Autopoiesis, according to Maturana and Varela, is what truly characterizes living beings: an organization which enables them to continuously produce themselves, i.e. to renew the dynamic structures which they are - a biological theory which reconciles identity and change. Due to such a biological organization, living beings behave as closed systems, in that internal changes may be triggered by external perturbations but are solely determined by internal structures. What enables communication between such operationally closed systems is structural coupling: "The nervous system and the whole organism may be closed, but if they have a plastic structure that changes in the course of the interactions they undergo, then a history of relations may unfold that does not intersect with the internal dynamics of the nervous system or the organism (and vice versa)" (Maturana; Poerksen, 2002, p. 85). A more elaborate discussion of these topics can be found in Relationships, Transmission, Improvisation (Jacono, 2011), and in the unpublished doctoral thesis, Questioning how Knowledge Acts: the relationship between the performer's pedagogy and cognitive neuroscience (Jacono, 2012). The thesis refers especially to the pedagogical principles of Stanislavski and Copeau, and compares the Socratic idea of learning as a form of remembering (in Plato's Meno) to the theories put forward by Grotowski (2001, p. 379) and the Colombian neuroscientist Rodolfo R. Llinás (2002, p. 176).
  • 10
    See Whyman (2008) and Gabriele Sofia's unpublished doctoral thesis, La Relazione Attore-spettatore. Storia, ipotesi e sperimentazioni per lo studio del livello neurobiologico (2011), particularly the first part dedicated to a historical overview of relationships between theatre and the brain sciences.
  • 11
    Cruciani gives an articulated explanation of this phenomenon in a round table conference with Franco Perrelli entitled Attore: c'è qual cosa di sbagliato nelle pedagogie del '900?. The conference was held in Lecce on 3 December, 1986, within the cycle of seminars Paesaggi, Passaggi, Deliri Teatrali del Primo Novecento, organised by Astragali Teatro. An unpublished transcript of the conference by Serena Stifani, revised by Victor Jacono and Clelia Falletti, is kept at the Archives of Astragali Teatro (Lecce). See also Jacono (2012).
  • 12
    Again, some might find exception with Barba's comparison of science with mythology (Sokal; Bricmont, 1998, p. 1). Even so, in my opinion here Barba is not trying to downgrade science. Fully aware of the scepticism with which the community of theatre artists and scholars at large regard the sciences, and of the positive influence that the sciences have nevertheless had upon his own work, to me it appears that he is rather adopting a subtle strategy to bridge the divide, in view of Sofia's important, albeit challenging, contribution to theatre studies.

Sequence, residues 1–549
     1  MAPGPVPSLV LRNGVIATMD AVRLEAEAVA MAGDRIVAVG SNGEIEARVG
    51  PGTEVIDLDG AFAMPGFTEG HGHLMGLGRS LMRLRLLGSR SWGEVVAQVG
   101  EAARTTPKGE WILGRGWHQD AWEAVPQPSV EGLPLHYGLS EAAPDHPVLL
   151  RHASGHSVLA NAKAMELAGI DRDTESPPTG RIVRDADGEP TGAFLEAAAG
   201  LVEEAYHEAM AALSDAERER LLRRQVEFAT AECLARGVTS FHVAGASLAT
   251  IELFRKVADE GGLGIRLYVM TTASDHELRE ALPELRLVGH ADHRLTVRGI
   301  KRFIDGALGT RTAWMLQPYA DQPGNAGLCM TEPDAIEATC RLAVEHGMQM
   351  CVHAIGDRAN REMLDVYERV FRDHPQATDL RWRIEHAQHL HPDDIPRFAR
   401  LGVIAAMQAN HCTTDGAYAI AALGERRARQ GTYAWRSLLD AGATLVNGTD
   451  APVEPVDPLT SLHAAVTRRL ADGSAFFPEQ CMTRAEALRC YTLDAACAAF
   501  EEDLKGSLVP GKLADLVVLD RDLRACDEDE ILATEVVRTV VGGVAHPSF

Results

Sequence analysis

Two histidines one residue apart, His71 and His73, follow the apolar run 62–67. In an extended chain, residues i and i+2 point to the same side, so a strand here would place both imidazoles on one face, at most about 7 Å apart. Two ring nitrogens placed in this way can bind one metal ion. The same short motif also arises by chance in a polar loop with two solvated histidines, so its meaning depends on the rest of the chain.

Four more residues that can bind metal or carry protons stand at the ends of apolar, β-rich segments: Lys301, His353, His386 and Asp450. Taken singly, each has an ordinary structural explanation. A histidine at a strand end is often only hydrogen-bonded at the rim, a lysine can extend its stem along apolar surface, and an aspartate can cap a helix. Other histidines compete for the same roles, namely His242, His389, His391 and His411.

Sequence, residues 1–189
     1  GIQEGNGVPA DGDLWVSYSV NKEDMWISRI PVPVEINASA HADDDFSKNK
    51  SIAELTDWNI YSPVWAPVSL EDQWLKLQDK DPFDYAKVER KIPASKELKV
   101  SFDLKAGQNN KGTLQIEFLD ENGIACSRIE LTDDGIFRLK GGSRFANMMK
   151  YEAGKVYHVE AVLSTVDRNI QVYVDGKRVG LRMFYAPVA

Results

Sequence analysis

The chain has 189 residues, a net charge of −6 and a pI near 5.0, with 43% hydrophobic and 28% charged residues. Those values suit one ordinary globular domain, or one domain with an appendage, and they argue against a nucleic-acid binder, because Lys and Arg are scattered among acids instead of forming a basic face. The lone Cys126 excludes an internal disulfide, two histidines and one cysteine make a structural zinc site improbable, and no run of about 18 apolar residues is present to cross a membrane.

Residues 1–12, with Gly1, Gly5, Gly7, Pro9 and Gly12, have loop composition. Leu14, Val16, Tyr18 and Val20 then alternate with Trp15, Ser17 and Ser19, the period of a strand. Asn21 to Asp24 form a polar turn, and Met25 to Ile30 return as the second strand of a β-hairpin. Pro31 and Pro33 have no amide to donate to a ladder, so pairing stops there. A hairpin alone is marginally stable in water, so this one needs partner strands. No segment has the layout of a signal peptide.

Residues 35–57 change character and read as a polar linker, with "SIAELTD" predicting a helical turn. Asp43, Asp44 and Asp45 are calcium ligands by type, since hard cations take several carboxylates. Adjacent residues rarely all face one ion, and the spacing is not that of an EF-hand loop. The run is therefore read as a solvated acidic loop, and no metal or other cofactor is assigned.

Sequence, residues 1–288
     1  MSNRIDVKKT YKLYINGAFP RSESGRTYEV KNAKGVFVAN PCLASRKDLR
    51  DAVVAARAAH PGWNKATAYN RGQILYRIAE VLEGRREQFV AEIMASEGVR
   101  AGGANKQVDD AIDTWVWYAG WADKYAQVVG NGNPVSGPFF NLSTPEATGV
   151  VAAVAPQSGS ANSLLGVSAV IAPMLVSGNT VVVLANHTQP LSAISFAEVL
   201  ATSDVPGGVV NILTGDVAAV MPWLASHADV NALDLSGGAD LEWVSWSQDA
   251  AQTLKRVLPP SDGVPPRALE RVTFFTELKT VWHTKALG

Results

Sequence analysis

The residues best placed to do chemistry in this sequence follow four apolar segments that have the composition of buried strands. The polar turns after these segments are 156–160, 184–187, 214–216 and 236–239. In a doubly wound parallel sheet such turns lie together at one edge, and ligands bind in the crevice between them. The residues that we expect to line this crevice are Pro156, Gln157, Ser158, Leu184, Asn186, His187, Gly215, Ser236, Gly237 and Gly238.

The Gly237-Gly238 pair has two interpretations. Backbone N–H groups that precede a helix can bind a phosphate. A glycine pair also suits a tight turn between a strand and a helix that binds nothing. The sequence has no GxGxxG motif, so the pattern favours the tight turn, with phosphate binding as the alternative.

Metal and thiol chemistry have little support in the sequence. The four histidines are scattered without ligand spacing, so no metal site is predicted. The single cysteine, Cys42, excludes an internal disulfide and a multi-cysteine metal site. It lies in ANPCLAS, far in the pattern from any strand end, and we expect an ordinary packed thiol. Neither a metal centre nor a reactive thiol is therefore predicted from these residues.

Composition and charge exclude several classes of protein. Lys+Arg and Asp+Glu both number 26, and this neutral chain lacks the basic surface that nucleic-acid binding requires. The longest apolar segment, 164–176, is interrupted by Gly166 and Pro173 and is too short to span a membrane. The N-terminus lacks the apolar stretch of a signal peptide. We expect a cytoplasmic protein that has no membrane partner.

• 13
    Definition taken from Oxford Dictionaries online. Available at: <http://www.oxforddictionaries.com/definition/english/theory?q=theory>. Accessed on: 17 feb. 2014.
  • 14
    In this sense, it is interesting to note Albert Einstein's observation that "{...} the scientific way of forming concepts differs from that which we use in our daily life, not basically, but merely in the more precise definition of concepts and conclusions; more painstaking and systematic choice of experimental material; and greater logical economy" (Einstein, 1940, p. 487).
  • 15
    Dr. Chambers' observation is quoted in James Gallagher's BBC News Health review, Brain 'Rejects Negative Thoughts' (09 oct. 2011). Available at: <http://www.bbc.co.uk/news/health-15214080>. Accessed on: 01 feb. 2014.
  • 16
    The publication was issued by the Centre of Educational Research and Innovation (CERI) of the international Organization for Economic Co-operation and Development (OECD).
  • 17
    See particularly the collection of papers published in Educational Philosophy and Theory, v. 43, n. 1, 2011.
  • 18
    A case in point, documented by Sofia (2013, p. 83), is illustrated in the discussions which took place between theatre makers and scholars forming part of the EMA-PS project and the neuroscientists Giacomo Rizzolatti and Maria Alessandra Umiltà, during international conferences held in Malta in 2005 and 2006. In order to illustrate the workings of the mirror mechanism, Umiltà and Rizzolatti presented an experiment testing motor activation in the macaque monkey brain as the animal watched an experimenter grasping an object concealed behind a screen. Mirror neuron activity peaked when the experimenter actually grasped the object, but did not peak when the experimenter merely mimed the grasping of an object that was not there. From their knowledge of a trained actor's capacity to convincingly render the dynamics of an action even in mime (i.e. the dynamics of grasping also in the absence of the object being grasped) the theatre researchers could not help speculating that, had the experimenter been a trained actor miming the grasping action, the monkey's mirror neuron activity would probably have peaked even in the absence of the object behind the screen. Not only did the neuroscientists consider the relevance of such an observation but, as noted by Sofia (2013, p. 90), they also started employing trained actors in similar experimental protocols.

Publication Dates

  • Publication in this collection
    Aug 2014


  • Received
    10 Sept 2013
  • Accepted
    21 Jan 2014